Japan mulling 45% emissions cut by FY30

REUTERS/file photo
An exterior view of the Japanese Diet building in Tokyo.

A target to cut greenhouse gas emissions by 45% by fiscal 2030 based on 2013 levels has been discussed in the government. The current target for 2030 is 26%.

The government wants to speed up coordination so that a decision can be made by the end of this month but there is a significant gulf in the opinions of the Environment Ministry and the Economy, Trade and Industry Ministry.

The government regards 2030 as an interim goal, having already set a net-zero emissions target for 2050.

The government wants to present the new target at the Suga-Biden summit meeting on April 16 and a U.S.-hosted climate change summit meeting to be held on April 22 and 23.

“We will announce an ambitious goal for fiscal 2030,” Prime Minister Yoshihide Suga said in his policy speech in January. He instructed Economy, Trade and Industry Minister Hiroshi Kajiyama and Environment Minister Shinjiro Koizumi to formulate the target.

On April 6, Suga received a proposal from Komeito Secretary General Keiichi Ishii, calling for the emissions target to be improved. “We will raise [the figure] and set the target,” the prime minister said.

Koizumi is determined to set ambitious targets, in line with the prime minister’s goals. “Unless we do what we can with determination, we will not be able to achieve [net-zero emissions],” Koizumi said at a press conference on Friday. According to sources, Koizumi wants the 2030 goal to be 50%.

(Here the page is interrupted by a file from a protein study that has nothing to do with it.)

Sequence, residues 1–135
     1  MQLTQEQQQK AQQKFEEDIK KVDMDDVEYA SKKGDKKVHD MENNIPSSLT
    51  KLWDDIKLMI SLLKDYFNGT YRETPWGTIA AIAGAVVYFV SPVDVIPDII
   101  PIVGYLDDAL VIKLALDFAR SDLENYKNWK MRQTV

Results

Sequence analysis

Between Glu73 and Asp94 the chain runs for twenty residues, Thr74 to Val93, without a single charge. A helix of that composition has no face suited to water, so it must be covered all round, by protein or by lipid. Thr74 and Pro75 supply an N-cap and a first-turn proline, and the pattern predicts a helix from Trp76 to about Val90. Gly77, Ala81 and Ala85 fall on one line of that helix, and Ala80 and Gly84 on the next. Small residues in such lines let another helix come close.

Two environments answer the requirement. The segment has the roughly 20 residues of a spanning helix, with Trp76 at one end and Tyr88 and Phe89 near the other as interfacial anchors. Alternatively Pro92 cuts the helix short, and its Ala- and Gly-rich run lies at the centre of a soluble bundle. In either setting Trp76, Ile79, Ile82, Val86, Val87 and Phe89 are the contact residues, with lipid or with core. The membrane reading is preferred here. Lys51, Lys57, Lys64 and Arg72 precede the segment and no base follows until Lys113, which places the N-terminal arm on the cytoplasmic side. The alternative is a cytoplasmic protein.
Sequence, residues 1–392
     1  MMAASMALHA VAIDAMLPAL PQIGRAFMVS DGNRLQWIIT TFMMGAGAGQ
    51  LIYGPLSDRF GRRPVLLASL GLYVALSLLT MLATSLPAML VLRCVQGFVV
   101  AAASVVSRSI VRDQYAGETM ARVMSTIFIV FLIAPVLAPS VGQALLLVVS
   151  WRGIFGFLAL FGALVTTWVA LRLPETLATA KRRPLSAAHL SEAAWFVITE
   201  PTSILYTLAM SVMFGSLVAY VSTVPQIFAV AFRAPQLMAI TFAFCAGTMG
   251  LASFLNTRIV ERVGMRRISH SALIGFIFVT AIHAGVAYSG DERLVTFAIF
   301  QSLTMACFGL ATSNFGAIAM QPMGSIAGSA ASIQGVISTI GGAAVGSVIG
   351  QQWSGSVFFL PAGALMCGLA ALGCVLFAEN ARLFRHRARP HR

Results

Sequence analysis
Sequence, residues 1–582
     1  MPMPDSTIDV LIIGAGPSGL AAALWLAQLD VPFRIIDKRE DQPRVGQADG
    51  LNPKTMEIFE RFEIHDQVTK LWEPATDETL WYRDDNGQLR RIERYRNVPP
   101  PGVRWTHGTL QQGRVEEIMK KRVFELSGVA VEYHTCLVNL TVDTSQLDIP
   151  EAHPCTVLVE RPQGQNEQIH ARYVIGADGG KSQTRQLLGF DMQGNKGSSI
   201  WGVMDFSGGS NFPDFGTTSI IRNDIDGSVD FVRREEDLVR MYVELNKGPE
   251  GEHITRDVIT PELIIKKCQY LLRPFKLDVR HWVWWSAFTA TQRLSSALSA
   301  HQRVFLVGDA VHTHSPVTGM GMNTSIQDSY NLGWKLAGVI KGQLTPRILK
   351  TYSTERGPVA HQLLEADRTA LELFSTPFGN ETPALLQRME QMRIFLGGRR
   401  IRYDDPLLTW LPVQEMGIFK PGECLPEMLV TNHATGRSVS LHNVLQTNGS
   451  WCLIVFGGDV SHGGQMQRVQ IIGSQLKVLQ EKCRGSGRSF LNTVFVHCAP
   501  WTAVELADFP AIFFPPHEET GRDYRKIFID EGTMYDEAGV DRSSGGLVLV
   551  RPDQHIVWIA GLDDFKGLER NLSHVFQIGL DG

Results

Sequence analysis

A 2030 target would be of interest at Suga’s upcoming summit with U.S. President Joe Biden, who has indicated that climate change is one of his top priorities.

Suga may set a target of 45% or higher depending on Biden’s response at the summit, according to a senior official at the Cabinet Secretariat.

However, Kajiyama said on Friday, “We have to present something feasible.”

The nation’s energy mix will be a key issue. To raise the target, it will be necessary to expand the use of renewable energy — which is easily affected by weather conditions — and restart nuclear power plants, among other measures.

More than 70% of Japan’s electricity is currently generated by thermal power, which emits a lot of carbon dioxide. If renewable energy sources are increased, power generation costs might increase, and these costs would likely lead to higher bills for consumers.

The economy ministry is in the process of reviewing the composition of electric power sources for fiscal 2030 and a report will be compiled by around summer. But the ministry is wary that discussions may be hampered if the emissions target is presented before the ministry’s plan.